As experts and Americans familiar with smart meters know, they represent a huge privacy violation. They are also inherently unsafe, yet you won’t hear much about that in the mainstream media.
Smart meters began to spread to homes and businesses some years ago, with power companies claiming that they were much more efficient, despite the fact that they monitor electric usage and send it via wireless transmission multiple times an hour to power companies. More on that in a moment.
They are also dangerous, as one Kansas City, Mo., resident learned recently. Waverly Galbreath’s home was in danger of burning down, thanks to a malfunctioning smart meter that caught fire and scarred the side of Galbreath’s house in July. He wasn’t at home when the fire started.
“I got a call from my neighbor and he said my house was on fire,” Galbreath told KSBH-TV. “But when I arrived, I found out the meter had exploded.”
A spokeswoman for Kansas City Power and Light (KCP&L) said that the company investigated the incident, but added the obligatory “this doesn’t happen very often” excuse. The utility’s vice president, Chuck Caisley, added that out of some 700,000 meters KCP&L has installed, just “a handful of meter malfunctions” have occurred. KSBH-TV reported further that there are multiple smart meter manufacturers and models.
But the models that KCP&L uses have been plagued with problems around the country, and Galbreath is far from being the only victim. While problems in the Kansas City area may be few and far between, hundreds of thousands of smart meters across North America have been recalled during the last several years. Also, there have been hundreds of fires – in California, Texas, Florida, Illinois and Nevada, as well as throughout Canada.
Curtis Bennett, a Canadian electrician professor, called it “a very dangerous issue,” and said that it ought to be considered a “real unprecedented emergency” wherever you live. Bennett has been engaged in an ongoing legal battle in his country over the use of smart meters.
He sent KSBH-TV investigative reporters thermal images that showed a dangerous smart meter connection that was running far too hot, as well as one that was operating normally. He said, “You’ve got this plastic piece of junk” on your property that is “actually what’s burning inside that meter base with the wires.”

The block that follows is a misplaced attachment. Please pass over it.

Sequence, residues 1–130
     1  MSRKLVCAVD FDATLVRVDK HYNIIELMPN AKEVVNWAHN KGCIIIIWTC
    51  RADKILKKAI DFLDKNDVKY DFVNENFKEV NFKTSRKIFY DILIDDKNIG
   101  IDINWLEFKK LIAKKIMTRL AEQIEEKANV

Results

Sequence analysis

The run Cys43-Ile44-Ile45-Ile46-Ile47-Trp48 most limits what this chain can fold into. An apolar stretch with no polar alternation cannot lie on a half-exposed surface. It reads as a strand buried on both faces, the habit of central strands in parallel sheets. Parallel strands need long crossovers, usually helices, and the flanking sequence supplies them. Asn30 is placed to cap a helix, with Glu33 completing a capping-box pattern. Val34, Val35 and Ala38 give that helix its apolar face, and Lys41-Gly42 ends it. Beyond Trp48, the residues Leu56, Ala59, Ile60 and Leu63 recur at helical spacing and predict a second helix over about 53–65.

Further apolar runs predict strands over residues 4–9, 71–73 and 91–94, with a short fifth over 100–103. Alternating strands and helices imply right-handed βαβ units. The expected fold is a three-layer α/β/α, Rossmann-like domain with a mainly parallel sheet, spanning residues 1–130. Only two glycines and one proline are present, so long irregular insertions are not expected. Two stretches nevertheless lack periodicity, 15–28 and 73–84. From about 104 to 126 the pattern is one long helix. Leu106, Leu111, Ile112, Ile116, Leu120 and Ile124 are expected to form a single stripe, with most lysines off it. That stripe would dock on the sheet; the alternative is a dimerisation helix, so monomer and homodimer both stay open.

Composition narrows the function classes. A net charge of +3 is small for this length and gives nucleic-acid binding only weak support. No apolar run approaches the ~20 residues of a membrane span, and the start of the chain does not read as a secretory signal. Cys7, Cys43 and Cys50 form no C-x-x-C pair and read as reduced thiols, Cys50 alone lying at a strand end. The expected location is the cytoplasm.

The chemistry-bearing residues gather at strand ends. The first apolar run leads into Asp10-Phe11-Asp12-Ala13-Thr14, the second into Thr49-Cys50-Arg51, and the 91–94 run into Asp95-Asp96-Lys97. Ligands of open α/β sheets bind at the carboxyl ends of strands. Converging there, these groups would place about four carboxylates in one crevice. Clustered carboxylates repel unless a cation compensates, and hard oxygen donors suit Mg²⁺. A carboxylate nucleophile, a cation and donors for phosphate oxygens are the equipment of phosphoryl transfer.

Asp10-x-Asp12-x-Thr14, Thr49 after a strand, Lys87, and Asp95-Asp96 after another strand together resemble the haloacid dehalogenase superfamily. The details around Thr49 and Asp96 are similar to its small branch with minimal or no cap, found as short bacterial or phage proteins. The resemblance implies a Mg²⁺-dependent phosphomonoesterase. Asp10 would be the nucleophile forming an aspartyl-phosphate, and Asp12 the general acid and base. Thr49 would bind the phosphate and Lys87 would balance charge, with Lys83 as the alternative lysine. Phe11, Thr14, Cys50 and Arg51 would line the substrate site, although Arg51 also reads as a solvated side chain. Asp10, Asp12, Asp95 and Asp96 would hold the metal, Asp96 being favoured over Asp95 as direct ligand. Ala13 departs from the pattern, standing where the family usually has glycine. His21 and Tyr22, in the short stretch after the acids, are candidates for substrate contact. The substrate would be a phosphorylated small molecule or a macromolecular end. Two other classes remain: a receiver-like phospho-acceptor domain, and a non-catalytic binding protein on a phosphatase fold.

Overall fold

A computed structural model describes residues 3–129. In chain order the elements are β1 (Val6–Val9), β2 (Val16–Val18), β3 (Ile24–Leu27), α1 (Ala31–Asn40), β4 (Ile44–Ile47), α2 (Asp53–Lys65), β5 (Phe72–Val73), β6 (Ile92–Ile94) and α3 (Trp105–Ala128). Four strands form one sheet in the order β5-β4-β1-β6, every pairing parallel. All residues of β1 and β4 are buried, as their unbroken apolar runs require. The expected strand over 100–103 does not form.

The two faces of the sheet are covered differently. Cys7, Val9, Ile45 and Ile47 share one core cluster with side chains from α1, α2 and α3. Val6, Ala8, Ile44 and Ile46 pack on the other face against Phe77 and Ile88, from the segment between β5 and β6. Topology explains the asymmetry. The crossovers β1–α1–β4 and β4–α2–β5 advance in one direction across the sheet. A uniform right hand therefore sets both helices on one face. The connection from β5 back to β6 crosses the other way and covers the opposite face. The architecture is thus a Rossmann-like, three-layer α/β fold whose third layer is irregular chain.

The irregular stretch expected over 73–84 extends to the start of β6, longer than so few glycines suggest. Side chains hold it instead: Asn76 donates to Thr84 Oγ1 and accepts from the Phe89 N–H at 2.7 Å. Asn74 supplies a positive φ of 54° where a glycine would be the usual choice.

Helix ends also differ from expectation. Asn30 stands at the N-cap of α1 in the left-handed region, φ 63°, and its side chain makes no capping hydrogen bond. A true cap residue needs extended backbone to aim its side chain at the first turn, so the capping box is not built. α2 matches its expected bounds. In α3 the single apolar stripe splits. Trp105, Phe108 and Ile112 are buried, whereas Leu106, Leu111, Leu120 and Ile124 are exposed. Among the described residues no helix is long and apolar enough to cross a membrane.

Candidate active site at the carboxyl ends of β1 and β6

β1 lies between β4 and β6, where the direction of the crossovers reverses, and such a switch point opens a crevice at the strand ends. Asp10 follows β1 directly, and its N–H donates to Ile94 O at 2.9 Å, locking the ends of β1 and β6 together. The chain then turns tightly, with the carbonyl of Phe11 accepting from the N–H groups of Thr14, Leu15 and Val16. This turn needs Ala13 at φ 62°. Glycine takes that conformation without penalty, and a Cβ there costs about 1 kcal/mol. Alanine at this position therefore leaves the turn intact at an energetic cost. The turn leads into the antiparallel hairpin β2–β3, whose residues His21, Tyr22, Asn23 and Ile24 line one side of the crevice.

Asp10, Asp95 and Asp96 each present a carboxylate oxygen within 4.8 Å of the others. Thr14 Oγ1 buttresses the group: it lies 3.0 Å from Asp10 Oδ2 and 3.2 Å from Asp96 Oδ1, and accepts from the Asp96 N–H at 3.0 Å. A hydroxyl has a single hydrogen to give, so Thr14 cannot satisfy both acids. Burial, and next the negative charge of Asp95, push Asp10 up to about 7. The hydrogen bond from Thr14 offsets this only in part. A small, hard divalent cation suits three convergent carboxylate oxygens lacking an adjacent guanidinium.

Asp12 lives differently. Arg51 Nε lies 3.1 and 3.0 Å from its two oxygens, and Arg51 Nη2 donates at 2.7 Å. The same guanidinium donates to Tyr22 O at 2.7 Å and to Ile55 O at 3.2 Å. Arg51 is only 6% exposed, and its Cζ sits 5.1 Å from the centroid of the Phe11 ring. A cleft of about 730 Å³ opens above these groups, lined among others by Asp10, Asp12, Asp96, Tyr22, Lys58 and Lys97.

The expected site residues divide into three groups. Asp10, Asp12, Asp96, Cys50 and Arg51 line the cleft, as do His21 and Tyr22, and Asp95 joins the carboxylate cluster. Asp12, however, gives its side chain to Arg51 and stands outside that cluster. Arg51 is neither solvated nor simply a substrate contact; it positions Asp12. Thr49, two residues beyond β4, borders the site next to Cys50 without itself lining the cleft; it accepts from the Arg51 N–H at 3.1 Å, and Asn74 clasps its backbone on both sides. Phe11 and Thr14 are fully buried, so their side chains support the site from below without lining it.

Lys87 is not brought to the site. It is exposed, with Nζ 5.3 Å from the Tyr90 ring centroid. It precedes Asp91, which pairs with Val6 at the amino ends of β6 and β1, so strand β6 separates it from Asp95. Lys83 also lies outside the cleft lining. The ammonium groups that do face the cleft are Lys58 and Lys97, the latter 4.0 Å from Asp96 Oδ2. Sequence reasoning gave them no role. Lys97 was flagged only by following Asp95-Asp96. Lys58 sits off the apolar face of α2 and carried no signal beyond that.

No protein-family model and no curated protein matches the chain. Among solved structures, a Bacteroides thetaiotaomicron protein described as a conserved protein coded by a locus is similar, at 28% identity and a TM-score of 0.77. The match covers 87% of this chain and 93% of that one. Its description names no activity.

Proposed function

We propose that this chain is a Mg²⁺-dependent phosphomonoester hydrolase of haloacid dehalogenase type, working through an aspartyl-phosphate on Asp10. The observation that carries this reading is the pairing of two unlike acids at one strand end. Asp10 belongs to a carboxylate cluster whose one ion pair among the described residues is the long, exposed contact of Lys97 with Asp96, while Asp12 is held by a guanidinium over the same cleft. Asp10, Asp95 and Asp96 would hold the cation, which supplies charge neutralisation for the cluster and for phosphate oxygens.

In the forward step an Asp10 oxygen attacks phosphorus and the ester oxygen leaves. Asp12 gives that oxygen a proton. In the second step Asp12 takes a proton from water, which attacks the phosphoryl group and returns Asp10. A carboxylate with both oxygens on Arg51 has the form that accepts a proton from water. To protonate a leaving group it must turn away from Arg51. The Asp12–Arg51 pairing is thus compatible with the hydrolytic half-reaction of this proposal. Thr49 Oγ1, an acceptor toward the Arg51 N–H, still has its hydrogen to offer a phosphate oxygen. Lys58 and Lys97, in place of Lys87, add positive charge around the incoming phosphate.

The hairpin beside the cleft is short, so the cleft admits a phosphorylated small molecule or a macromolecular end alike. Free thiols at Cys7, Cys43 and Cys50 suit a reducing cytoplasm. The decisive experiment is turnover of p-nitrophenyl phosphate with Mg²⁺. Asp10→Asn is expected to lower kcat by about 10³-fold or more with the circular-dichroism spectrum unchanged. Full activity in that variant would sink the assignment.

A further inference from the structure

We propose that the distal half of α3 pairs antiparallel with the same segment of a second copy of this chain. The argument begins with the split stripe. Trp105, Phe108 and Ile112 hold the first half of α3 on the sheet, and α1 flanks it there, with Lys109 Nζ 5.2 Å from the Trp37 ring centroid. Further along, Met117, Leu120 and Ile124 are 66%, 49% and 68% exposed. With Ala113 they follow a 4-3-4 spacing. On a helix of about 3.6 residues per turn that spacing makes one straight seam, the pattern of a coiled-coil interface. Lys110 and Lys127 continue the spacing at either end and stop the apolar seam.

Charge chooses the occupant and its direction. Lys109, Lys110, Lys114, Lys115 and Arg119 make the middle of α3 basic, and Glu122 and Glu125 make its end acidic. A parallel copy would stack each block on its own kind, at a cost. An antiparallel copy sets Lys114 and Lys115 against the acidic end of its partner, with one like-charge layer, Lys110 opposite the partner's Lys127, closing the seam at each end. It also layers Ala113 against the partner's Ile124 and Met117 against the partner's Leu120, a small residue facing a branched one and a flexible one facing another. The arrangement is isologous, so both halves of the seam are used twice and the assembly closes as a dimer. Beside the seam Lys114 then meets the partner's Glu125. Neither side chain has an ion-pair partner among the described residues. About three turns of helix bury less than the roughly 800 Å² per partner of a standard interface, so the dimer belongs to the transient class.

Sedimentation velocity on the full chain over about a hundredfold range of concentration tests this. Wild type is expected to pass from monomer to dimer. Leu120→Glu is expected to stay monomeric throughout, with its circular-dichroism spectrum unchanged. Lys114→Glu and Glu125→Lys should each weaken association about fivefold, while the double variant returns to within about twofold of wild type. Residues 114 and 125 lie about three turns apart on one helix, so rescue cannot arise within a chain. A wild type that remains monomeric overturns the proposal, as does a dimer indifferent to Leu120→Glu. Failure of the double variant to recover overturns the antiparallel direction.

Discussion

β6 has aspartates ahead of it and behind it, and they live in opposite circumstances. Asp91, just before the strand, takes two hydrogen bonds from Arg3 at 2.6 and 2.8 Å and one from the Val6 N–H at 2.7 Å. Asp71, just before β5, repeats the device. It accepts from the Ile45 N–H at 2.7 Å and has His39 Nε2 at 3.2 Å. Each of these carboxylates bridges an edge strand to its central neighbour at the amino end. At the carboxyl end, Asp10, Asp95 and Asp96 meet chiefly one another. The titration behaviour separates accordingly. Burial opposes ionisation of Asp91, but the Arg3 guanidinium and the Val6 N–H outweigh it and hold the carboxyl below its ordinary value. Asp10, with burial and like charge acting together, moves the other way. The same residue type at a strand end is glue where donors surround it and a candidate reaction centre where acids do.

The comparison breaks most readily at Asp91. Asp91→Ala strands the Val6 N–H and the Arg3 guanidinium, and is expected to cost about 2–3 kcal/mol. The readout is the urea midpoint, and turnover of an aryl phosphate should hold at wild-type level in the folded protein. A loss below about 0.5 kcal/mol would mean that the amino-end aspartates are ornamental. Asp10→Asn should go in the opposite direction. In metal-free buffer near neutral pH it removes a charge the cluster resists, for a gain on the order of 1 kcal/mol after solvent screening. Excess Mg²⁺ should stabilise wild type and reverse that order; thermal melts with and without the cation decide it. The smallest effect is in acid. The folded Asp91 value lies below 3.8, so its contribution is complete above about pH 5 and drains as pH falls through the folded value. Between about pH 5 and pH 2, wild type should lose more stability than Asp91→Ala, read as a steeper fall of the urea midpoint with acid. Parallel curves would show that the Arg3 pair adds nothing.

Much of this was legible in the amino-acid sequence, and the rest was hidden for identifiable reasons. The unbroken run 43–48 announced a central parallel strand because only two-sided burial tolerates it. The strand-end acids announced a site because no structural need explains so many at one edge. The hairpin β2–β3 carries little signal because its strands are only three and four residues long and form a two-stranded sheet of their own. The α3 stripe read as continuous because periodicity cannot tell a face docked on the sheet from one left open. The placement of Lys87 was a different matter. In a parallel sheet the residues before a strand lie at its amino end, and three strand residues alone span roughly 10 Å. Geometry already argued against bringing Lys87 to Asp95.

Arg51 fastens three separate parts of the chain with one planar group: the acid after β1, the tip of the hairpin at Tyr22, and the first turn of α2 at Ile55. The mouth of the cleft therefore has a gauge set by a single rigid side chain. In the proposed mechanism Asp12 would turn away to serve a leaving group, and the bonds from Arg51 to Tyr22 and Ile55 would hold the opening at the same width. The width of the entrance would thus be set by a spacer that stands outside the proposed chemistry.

Caisley said that the Kansas City utility has only had a half-dozen problems among the 700,000 meters it has installed. He did say, however, that the company has sent some smart meters back to the supplier after they overheated.
Norman Lambe, an insurance adjuster in California, has seven open smart meter fire claims at present sitting on his desk. And of the dozens of fire-related meter incidents he has investigated, overheating is the primary cause. He said that they spark and make too much heat when they operate, and that materials within the meters are flammable in the right heat conditions.
But the situation doesn’t look as though it will improve anytime soon; U.S. utility companies are spending billions of dollars on installing smart meters in all homes and businesses. Old “analog” meters with dials only record electric usage and have to be read, but smart meters transmit that information to the power company effortlessly. Besides sending information that most homeowners want kept private – such as when they get up in the morning, when they’re gone, any activity in the middle of the night, or a prolonged absence such as a vacation – the transmissions are what, in part, is causing the overheating, says Lambe.
Brian Thiesen, another Canadian, has spent hundreds of hours over the past five years looking into smart meters. He has even made a video about fires that have occurred thanks to overheated smart meters.
“These fires are going to continue to happen because again, the basic laws of electricity are being violated,” Thiesen said.
Fires, yes – and massive violations of our privacy.